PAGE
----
A Brief History of International CU Day
This year's slogan: 'Local Service. Global Good.'
Certain events in the history of the credit union movement have emerged as being especially significant. In the 1840s, for instance, the workers and weavers of Rochdale, England, created a democratic consumer cooperative.
In 1852 and 1864, Hermann Schulze-Delitzsch and Friedrich Raiffeisen founded the first true credit unions in Germany. These milestones were followed by efforts in the early 1900s by Alphonse and Dorimene Desjardins, who started a credit union (caisse populaire) in Lévis, Quebec.
Shortly afterward, Alphonse, along with Americans Edward A. Filene and Roy F. Bergengren, helped establish credit unions in the U.S.
As time passed, a need gradually emerged to establish a specific annual occasion to call attention to the impact these financial organizations have on the lives of millions of people—to honor the gifts and achievements of the many pioneers who founded credit unions and their service groups over the past 150+ years.
It was also considered important to pay tribute to the many people today who continue to demonstrate the commitment that is building new credit unions or sustaining and developing existing savings and credit cooperatives.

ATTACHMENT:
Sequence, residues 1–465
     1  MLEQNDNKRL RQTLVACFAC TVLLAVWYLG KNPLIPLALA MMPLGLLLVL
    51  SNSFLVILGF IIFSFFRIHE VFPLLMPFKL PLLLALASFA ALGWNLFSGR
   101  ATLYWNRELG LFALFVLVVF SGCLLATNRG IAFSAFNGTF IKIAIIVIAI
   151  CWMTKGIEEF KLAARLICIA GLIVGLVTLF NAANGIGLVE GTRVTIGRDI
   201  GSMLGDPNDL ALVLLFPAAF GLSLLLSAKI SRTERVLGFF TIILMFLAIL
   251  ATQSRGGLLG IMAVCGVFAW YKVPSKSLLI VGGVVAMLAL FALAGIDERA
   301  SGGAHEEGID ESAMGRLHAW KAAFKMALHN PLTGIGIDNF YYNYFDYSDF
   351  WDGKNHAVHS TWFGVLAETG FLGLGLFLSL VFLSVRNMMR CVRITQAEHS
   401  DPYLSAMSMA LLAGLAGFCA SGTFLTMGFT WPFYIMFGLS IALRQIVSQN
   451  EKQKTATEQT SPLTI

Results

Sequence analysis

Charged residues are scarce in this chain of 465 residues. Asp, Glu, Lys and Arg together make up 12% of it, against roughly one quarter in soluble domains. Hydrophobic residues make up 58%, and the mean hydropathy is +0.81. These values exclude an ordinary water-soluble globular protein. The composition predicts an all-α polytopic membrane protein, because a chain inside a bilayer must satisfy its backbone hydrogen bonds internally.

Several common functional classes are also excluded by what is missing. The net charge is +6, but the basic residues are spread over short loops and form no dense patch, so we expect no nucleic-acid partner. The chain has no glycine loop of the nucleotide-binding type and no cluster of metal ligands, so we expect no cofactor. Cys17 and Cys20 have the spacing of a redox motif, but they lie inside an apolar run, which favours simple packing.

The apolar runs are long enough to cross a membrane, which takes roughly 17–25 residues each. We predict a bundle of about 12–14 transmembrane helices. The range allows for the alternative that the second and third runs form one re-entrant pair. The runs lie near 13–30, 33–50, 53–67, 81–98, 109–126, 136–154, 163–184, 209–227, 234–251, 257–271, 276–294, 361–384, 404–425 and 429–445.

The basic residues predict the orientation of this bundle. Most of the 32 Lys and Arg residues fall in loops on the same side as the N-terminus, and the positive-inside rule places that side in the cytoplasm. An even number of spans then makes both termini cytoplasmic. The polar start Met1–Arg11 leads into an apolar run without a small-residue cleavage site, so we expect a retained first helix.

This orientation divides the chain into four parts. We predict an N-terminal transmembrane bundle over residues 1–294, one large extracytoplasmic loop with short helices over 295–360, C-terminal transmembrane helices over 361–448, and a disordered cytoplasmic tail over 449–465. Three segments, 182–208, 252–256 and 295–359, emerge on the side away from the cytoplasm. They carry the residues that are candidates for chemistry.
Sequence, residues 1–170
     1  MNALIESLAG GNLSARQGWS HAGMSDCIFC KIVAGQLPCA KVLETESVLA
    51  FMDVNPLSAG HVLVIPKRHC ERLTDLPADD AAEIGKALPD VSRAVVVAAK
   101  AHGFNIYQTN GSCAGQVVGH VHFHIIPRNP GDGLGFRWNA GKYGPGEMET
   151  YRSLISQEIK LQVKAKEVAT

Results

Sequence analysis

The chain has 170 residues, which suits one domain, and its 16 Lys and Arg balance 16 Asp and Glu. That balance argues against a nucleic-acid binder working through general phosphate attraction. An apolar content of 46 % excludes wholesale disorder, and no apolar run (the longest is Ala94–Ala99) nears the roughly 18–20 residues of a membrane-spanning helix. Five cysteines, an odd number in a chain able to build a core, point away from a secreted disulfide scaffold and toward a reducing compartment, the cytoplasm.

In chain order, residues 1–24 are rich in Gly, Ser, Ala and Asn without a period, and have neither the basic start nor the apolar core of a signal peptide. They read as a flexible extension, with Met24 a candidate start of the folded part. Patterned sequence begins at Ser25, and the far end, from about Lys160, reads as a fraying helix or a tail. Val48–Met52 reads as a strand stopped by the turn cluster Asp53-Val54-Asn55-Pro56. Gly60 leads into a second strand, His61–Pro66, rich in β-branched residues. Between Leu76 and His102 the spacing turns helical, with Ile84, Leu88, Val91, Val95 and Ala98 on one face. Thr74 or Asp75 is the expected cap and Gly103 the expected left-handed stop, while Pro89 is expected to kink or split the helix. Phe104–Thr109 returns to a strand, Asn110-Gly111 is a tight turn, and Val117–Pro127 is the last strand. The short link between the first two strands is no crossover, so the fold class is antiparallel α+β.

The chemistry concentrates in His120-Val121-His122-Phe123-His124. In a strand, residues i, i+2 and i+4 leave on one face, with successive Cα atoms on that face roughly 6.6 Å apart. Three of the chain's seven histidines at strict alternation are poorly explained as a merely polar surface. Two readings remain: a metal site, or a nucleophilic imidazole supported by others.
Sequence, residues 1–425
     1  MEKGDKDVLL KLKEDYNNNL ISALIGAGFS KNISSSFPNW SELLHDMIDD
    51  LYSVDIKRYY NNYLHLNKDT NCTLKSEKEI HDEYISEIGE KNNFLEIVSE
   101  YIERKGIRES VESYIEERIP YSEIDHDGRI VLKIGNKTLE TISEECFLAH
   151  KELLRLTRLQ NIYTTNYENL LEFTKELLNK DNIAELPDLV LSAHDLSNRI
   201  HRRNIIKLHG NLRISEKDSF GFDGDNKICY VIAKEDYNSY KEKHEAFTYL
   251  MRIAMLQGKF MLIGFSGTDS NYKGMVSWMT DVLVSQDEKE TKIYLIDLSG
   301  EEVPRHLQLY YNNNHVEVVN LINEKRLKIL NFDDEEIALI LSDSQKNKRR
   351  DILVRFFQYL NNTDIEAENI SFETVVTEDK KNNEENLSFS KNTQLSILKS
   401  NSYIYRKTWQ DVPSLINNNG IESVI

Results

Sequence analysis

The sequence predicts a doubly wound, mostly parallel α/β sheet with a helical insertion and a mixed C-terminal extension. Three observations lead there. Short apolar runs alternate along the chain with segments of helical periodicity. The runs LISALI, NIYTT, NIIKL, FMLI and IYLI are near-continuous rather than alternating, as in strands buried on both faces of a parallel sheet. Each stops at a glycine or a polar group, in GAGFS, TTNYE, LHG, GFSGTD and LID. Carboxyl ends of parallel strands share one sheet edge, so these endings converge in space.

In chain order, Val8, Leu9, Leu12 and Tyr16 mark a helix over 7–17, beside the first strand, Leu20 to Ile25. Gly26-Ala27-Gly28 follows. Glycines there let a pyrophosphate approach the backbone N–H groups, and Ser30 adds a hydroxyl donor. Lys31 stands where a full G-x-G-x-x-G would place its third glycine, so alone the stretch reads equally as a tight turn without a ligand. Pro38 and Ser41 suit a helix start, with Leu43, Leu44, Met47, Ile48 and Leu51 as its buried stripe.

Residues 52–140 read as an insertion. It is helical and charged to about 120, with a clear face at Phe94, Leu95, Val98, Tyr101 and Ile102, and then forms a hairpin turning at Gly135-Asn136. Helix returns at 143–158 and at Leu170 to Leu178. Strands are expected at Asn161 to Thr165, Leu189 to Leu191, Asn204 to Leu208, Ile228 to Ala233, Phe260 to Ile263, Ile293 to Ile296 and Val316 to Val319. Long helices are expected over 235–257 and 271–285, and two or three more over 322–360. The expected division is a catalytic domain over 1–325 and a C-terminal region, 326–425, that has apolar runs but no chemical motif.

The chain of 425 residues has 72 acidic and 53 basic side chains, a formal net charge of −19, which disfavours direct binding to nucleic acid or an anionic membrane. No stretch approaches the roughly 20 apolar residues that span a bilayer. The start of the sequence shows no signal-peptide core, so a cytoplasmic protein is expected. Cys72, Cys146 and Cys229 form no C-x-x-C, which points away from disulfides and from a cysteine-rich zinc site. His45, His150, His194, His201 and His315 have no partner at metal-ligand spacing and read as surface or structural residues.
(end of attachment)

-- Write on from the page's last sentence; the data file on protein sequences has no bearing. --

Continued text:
The first CU Day
On January 17, 1927, the Credit Union League of Massachusetts celebrated the first official holiday for credit union members and workers. January 17 was chosen because it was the birthday of America’s “Apostle of Thrift,” Benjamin Franklin (1706-1790).
Two American credit union pioneers believed Franklin symbolized “the life and teaching embodied in the spirit and purpose of credit unions.”
At that time, however, there was so much activity in the development of credit unions in North America that people were either too busy to celebrate or too new to the movement to recognize the significance of their actions. Thus, after a brief trial period, the practice of Credit Union Day ceased.
In 1948, CUNA and the CUNA Mutual Insurance Society decided to try a new national Credit Union Day celebration, setting aside October as “Credit Union Month” and the third Thursday of October as the national day of observance, “Credit Union Day.”